levels of evidence and to recognise the difference between a directive, a
policy, a standard, a guideline, and a position statement.
It’s important to recognise that just because a
guideline exists doesn’t mean that there is no other way to do things.
As the saying goes – hindsight is a wonderful
thing. Ensure that your view isn’t coloured by the phenomenon known as ‘hindsight
bias’. This is defined as predicting the probability of an adverse event
retrospectively. Guard against this by putting yourself in the shoes of the
doctor you are judging and look forwards, not backwards.
for the client
As an expert witness it’s easy to fall into the
trap of being an advocate for the client of the lawyer who engaged you. For
example, ‘It’s easy to imagine that Dr X would have insufficient time to assess
Mrs X’s history, discuss the ultrasound and also examine her.’ This comment
indicates that you are guessing what was in the mind of Dr X, and could be
interpreted as advocacy. You may think that a few comments can’t hurt, but as
an expert witness, your key role is to provide an impartial opinion to assist
the court make an informed and fair decision. Courts do not take kindly to
experts giving evidence which displays advocacy.
decision removes expert witness immunity
If you fail to take reasonable care in providing an
expert opinion, you will generally not be liable for civil or criminal
However, a landmark decision of the Supreme Court of the United
Kingdom has removed the protection for expert witnesses against suits by people
they had instructed to provide evidence on their behalf.
It’s important to be aware of your responsibilities
and mindful that an expert witness can face disciplinary action for evidence
given in court which is seriously flawed.
In a case in the United
Kingdom, a paediatrician gave evidence that the sudden infant deaths of two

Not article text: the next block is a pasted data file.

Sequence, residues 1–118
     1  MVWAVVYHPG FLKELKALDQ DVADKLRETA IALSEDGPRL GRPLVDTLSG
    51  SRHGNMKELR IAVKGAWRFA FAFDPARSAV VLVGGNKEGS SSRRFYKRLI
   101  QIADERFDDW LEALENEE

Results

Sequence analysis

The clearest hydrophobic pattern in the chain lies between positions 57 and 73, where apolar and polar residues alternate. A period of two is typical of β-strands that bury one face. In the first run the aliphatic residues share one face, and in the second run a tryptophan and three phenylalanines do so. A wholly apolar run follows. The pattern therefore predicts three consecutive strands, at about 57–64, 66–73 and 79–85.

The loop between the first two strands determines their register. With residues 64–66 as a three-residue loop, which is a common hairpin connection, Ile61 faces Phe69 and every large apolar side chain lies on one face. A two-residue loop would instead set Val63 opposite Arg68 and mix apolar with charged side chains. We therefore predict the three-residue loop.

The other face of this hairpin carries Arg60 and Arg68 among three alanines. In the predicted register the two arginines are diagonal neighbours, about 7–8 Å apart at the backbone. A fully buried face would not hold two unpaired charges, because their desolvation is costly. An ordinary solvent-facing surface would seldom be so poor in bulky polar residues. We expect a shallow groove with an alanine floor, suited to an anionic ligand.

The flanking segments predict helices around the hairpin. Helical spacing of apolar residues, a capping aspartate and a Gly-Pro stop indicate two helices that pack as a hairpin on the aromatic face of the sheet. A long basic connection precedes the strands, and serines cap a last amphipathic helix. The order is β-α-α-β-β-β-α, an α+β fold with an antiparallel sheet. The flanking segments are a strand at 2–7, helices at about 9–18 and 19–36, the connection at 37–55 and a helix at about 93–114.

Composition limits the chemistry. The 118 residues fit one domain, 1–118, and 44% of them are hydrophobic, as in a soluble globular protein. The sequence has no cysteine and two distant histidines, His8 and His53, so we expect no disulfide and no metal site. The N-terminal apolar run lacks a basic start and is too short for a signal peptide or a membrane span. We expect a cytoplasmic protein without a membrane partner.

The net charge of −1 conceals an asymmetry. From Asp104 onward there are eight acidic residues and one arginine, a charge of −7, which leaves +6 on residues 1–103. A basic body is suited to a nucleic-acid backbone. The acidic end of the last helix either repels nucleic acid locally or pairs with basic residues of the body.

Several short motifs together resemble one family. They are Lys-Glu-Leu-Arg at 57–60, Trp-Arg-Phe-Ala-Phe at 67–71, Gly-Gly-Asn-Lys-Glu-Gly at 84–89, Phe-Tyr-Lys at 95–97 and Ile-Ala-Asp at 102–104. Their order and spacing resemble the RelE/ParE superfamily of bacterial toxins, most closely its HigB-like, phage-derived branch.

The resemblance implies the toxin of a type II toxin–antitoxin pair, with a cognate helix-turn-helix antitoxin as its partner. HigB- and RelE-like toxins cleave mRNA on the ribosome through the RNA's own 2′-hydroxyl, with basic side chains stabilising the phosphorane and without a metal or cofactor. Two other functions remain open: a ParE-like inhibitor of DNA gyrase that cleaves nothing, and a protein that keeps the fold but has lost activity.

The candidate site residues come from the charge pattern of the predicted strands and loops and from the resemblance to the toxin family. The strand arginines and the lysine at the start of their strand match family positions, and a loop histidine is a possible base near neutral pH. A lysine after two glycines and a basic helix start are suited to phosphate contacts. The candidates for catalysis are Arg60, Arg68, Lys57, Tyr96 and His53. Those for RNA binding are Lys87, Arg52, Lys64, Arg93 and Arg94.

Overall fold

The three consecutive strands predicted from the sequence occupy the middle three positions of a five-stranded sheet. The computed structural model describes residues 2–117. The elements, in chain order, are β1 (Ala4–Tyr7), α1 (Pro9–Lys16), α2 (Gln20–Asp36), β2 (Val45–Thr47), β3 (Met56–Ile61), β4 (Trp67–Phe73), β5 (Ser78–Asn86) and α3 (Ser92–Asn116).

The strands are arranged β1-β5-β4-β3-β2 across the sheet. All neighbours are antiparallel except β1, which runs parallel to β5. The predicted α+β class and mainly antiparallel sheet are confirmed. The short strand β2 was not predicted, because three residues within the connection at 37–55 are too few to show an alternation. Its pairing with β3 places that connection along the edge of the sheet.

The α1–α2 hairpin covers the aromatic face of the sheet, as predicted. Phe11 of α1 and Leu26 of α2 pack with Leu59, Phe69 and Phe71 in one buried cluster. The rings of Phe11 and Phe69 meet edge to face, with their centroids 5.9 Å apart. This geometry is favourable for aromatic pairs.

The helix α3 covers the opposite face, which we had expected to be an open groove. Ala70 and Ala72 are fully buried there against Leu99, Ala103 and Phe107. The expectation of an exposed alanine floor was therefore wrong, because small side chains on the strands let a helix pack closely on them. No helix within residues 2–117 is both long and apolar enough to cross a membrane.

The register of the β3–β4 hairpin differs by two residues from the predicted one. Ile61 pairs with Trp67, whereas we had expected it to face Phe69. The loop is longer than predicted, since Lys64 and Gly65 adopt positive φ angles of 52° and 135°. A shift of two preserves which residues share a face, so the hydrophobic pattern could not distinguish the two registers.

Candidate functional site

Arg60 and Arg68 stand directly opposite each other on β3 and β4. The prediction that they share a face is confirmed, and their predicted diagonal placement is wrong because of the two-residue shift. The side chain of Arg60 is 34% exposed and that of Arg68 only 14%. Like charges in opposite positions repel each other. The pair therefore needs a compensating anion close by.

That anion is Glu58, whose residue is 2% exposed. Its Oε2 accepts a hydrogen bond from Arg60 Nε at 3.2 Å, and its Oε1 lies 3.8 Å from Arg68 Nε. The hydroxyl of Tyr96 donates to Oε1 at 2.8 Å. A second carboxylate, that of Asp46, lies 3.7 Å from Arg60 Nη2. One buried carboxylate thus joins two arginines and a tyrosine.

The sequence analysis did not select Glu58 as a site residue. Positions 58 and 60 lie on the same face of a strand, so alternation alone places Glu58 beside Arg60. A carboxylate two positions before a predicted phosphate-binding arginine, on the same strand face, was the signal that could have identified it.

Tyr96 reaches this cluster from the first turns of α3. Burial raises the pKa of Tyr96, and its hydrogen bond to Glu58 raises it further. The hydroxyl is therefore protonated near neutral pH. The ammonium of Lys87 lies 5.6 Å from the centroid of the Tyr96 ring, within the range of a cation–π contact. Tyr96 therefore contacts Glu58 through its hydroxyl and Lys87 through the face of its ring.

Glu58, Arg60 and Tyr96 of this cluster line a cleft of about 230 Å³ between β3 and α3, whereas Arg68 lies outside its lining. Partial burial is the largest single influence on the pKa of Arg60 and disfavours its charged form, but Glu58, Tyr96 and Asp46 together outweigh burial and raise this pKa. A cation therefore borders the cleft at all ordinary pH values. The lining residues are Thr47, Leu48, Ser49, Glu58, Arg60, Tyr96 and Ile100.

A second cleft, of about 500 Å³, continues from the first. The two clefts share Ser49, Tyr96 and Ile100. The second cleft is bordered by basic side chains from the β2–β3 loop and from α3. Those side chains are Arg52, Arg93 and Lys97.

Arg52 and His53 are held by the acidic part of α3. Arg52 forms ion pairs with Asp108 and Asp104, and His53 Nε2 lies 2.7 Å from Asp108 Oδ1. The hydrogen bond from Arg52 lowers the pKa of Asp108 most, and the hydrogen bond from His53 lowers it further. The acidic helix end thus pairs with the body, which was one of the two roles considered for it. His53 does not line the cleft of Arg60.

babies in the same family could not be explained by natural causes. The paediatrician
used statistical research to support his opinion that the likelihood of two
deaths occurring from natural causes was extremely low. It was later proved
that the paediatrician had made a significant error in applying the statistics.
Subsequently, the mother of the children who had been convicted of killing both
children had the conviction overturned.
The paediatrician faced action by the General
Medical Council to deregister him. Although he escaped deregistration, the English
Court of Appeal found that expert witness immunity does not protect experts
from disciplinary action for serious substandard care in giving expert
Although rare, criminal proceedings can also result
if you act as an expert witness and deliberately lie in court or give an opinion
you do not honestly hold.
Keep the information in mind above to ensure that your
opinion is unbiased and carefully considered based on sound evidence.
The Whole Truth Handbook:
responsibilities when providing evidence can assist
doctors in giving evidence in court. Complete the course material and receive a certificate of completion and CPD points.
Download the AMA’s Ethical Guidelines for
Doctors acting as Medical Witnesses 2011. Revised 2016.